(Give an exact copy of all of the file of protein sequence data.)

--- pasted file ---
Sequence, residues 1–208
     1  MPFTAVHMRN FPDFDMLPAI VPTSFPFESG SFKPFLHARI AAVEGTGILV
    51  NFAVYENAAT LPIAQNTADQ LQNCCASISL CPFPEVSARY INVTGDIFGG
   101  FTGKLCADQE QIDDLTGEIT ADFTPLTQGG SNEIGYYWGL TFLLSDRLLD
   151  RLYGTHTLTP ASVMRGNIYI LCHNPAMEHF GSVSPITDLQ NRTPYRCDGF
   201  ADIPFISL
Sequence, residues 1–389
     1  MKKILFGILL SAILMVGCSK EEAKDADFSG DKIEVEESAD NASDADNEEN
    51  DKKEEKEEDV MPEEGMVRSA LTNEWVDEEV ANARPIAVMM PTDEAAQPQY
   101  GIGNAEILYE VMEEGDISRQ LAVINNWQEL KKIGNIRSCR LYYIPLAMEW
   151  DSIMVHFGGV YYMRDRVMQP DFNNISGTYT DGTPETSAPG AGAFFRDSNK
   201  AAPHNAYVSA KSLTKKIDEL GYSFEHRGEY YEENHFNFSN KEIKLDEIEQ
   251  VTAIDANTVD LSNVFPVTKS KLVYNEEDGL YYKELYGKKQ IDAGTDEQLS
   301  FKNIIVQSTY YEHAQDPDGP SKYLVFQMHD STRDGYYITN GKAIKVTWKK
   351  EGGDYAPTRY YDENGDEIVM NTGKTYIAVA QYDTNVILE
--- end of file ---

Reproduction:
Sequence, residues 1–208
     1  MPFTAVHMRN FPDFDMLPAI VPTSFPFESG SFKPFLHARI AAVEGTGILV
    51  NFAVYENAAT LPIAQNTADQ LQNCCASISL CPFPEVSARY INVTGDIFGG
   101  FTGKLCADQE QIDDLTGEIT ADFTPLTQGG SNEIGYYWGL TFLLSDRLLD
   151  RLYGTHTLTP ASVMRGNIYI LCHNPAMEHF GSVSPITDLQ NRTPYRCDGF
   201  ADIPFISL
Sequence, residues 1–389
     1  MKKILFGILL SAILMVGCSK EEAKDADFSG DKIEVEESAD NASDADNEEN
    51  DKKEEKEEDV MPEEGMVRSA LTNEWVDEEV ANARPIAVMM PTDEAAQPQY
   101  GIGNAEILYE VMEEGDISRQ LAVINNWQEL KKIGNIRSCR LYYIPLAMEW
   151  DSIMVHFGGV YYMRDRVMQP DFNNISGTYT DGTPETSAPG AGAFFRDSNK
   201  AAPHNAYVSA KSLTKKIDEL GYSFEHRGEY YEENHFNFSN KEIKLDEIEQ
   251  VTAIDANTVD LSNVFPVTKS KLVYNEEDGL YYKELYGKKQ IDAGTDEQLS
   301  FKNIIVQSTY YEHAQDPDGP SKYLVFQMHD STRDGYYITN GKAIKVTWKK
   351  EGGDYAPTRY YDENGDEIVM NTGKTYIAVA QYDTNVILE